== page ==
A consecutive sample of 22 patients diagnosed with RP was recruited. The diagnosis of RP was made based on the clinical history of night blindness, impairment in peripheral visual fields, the presence of characteristic fundus appearance, and the results of full-field electroretinograms with reduction in rod and cone amplitudes.
We excluded patients with diabetes mellitus, eyes with any other ocular pathology (conditions such as cataract, previous ocular trauma, glaucoma, and uveitis), and also eyes with refractive error more than ±3 D. In addition, all cases of macular edema were excluded.
Patients underwent a complete ophthalmologic examination. Examinations included best-corrected visual acuity, slit-lamp examination, intraocular pressure measurement by Goldmann applanation tonometry, indirect ophthalmoscopy and spectral domain OCT (retinascan RS-3000 advance; NIDEK, Gamagori, Japan).
Optical coherence tomography
An OCT scan was performed, using spectral domain OCT (retinascan RS-3000 advance; NIDEK), on every patient from 8 a.m. to 12 p.m. Spectral domain OCT scans consisted of 1024 A-scans with high definition, with a 4-µm resolution. We captured a macula map and a macula radial scans (using choroidal mode of the device).
The nine standard retinal subfields in macula map are the central, inner (superior, inferior, nasal, and temporal), and outer (superior, inferior, nasal, and temporal), bounded by 1, 3, and 6-mm diameter circle, respectively. The average of the inner and outer subfield was calculated for each quadrant, and this average was used for statistical analysis.
The sclerachoroidal interface was drawn manually in the 12 radial line scans. CT was measured between the hyper-reflective outer border of the retinal pigment epithelium (RPE) and the line of sclerochoroidal interface, and CT map was automatically generated using the embedded software (NAVIS-EX Image Filing software, RS-3000 advance OCT, NIDEK, Gamagori, Japan). The map included central choroidal thickness (CCT) in the innermost 1-mm circle and other eight subfields as in the macula map ([Figure 1]).
|Figure 1 Central macular thickness in the control and retinitis pigmentosa groups.|
Click here to view
All data analyses were performed using the statistical package for the social sciences version 23.0 (SPSS v. 23.0; SPSS Inc., Chicago, Illinois, USA). Quantitative data were presented as mean±SD. Qualitative data were compared using χ2-test. Multiple group means of parametric data sets were compared using independent sample t-test. Bivariate Pearson’s correlation and regression analyses were performed. P values were considered significant if less than 0.05.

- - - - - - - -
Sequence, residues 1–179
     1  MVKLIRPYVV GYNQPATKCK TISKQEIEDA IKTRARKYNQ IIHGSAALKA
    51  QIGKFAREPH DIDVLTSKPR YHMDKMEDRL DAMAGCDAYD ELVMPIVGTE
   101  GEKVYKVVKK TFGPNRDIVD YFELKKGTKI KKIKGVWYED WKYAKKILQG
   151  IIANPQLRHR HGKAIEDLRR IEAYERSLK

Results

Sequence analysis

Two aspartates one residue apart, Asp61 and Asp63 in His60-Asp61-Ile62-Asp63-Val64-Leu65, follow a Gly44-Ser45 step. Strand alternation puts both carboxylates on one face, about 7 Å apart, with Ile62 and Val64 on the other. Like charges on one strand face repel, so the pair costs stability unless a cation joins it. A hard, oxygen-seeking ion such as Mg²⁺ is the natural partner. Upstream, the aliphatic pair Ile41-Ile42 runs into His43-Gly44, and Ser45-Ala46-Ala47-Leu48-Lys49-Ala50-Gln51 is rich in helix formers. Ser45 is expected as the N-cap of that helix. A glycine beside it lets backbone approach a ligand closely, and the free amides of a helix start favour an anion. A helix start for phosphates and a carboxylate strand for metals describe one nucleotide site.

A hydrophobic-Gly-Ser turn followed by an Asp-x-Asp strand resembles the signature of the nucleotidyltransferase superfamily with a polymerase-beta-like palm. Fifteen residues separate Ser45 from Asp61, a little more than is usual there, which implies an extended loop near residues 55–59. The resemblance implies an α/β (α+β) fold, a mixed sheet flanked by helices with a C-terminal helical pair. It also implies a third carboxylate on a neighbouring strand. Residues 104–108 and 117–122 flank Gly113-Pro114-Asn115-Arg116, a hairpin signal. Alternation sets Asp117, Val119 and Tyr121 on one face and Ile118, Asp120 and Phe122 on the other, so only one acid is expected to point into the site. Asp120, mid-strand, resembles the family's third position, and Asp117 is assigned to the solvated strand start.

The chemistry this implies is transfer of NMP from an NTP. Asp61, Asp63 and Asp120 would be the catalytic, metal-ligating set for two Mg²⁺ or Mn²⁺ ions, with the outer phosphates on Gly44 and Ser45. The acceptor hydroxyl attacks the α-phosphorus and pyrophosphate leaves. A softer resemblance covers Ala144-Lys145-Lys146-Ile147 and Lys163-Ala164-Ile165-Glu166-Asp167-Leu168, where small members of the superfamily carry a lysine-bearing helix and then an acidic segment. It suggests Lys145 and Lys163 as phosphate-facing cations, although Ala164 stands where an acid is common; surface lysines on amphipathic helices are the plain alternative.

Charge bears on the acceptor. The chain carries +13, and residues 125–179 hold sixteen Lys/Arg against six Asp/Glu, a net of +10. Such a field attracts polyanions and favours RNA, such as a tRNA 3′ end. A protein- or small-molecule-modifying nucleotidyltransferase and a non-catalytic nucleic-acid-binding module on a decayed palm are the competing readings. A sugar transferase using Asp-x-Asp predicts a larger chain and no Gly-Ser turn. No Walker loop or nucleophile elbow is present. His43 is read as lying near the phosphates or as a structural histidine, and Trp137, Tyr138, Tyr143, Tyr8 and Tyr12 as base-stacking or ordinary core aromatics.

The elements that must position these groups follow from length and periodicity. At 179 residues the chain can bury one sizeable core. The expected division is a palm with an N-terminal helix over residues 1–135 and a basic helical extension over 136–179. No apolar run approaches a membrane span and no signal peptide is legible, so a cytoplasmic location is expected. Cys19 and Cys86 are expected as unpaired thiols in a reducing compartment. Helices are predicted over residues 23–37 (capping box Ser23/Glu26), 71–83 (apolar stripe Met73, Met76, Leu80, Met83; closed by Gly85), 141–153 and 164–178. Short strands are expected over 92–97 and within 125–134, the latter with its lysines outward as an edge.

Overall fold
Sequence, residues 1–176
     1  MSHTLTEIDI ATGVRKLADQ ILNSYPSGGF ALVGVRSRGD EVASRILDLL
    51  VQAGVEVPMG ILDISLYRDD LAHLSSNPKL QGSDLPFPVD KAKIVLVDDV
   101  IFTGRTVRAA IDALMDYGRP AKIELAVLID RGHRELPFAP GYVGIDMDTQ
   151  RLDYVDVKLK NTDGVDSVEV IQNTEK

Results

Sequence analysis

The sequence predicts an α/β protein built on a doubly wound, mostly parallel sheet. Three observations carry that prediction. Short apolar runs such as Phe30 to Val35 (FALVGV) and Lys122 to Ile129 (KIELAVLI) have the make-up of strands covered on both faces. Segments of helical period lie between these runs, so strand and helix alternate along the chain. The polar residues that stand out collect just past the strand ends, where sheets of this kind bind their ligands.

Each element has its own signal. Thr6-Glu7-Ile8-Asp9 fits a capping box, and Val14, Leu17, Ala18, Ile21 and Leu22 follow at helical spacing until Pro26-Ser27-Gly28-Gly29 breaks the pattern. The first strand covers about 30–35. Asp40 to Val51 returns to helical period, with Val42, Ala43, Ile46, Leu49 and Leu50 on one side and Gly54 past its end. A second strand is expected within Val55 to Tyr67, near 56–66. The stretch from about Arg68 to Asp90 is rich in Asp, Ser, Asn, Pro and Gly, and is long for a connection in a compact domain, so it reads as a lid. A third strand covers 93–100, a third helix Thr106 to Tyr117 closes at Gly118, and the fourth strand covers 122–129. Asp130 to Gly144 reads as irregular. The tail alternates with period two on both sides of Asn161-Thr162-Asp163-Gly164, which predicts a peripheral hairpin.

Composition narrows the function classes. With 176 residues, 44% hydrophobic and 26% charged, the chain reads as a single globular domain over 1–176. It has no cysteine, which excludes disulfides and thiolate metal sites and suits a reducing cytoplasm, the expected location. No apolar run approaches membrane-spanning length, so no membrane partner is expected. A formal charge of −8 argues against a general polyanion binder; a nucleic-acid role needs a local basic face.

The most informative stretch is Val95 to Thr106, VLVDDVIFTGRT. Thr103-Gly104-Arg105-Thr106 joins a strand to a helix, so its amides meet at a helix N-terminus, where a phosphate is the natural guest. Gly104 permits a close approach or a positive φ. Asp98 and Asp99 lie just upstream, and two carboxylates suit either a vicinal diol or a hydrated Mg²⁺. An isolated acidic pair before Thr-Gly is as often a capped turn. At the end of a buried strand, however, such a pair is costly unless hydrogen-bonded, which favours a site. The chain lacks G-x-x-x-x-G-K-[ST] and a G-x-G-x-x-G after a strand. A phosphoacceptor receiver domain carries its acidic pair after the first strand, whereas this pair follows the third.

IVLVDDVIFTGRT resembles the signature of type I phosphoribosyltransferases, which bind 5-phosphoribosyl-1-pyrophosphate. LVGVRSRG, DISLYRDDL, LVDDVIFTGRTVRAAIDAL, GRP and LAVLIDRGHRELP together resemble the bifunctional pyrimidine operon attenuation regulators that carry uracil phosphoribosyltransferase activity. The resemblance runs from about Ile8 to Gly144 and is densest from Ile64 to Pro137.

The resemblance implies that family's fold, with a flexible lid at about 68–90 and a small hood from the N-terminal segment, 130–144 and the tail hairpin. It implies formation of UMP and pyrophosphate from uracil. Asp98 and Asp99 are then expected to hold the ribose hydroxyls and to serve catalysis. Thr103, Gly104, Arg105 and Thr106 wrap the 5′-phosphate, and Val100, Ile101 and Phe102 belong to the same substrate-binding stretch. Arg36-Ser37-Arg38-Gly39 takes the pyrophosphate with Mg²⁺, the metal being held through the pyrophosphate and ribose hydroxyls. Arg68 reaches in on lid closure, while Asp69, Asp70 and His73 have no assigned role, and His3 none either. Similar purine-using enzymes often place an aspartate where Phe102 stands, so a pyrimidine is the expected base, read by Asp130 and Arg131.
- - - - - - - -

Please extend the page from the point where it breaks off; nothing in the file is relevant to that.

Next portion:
| Results|| |
Our study included 32 eyes of patients with 22 RP, comprising 12 males and 10 females, with mean age of 46.3±16.75 years. Control group included 30 eyes of 15 healthy participants, comprising nine males and six females, with mean age of 46.63±15.85 years ([Table 1]).
|Table 1 Comparison of patients and controls regarding age, sex, intraocular pressure, and refraction|
Click here to view
The mean central macular thickness (CMT) was significantly thinner (226.45±61.35 µm) in the RP group than in the control group (247.80±33.74 µm; P=0.009). The four macular quadrants were significantly thinner in RP than in controls (P<0.001; [Table 2], [Figure 2]).
|Table 2 Comparison between retinitis pigmentosa group and control group regarding macular and choroidal thickness in the central 1 mm and in the four quadrants (in microns)|
Click here to view
|Figure 2 Central choroidal thickness in the control and retinitis pigmentosa groups.|
Click here to view
The mean CCT in the central 1 mm was statistically significantly thinner (269.73±48.48 µm) in RP compared with 291.90±29.33 µm in control group (P=0.023). On comparing the four choroidal quadrants between the two groups, patients with RP had significantly thinner choroid only in the nasal quadrant (P<0.001; [Table 2], [Figure 3]).
|Figure 3 Comparison of patients and controls regarding age, sex, intraocular pressure, and refraction.|
Click here to view
Correlation analysis between macular and CTs revealed a significant positive correlation between CMT and CCT (r=0.511, P=0.003). Statistically significant positive correlation was also seen at upper and nasal quadrants (P=0.011 and <0.000, respectively). However, no significant correlation was found at the lower and temporal quadrants ([Table 3]).
|Table 3 Correlation analysis between retinitis pigmentosa group and control group regarding macular and choroidal thickness in the central 1 mm and in the four quadrants|
Click here to view
Regression analysis was performed and yielded results similar to those of correlation analysis ([Table 4]).
|Table 4 Regression analysis between retinitis pigmentosa group and control group regarding macular and choroidal thickness in the central 1 mm and in the four quadrants|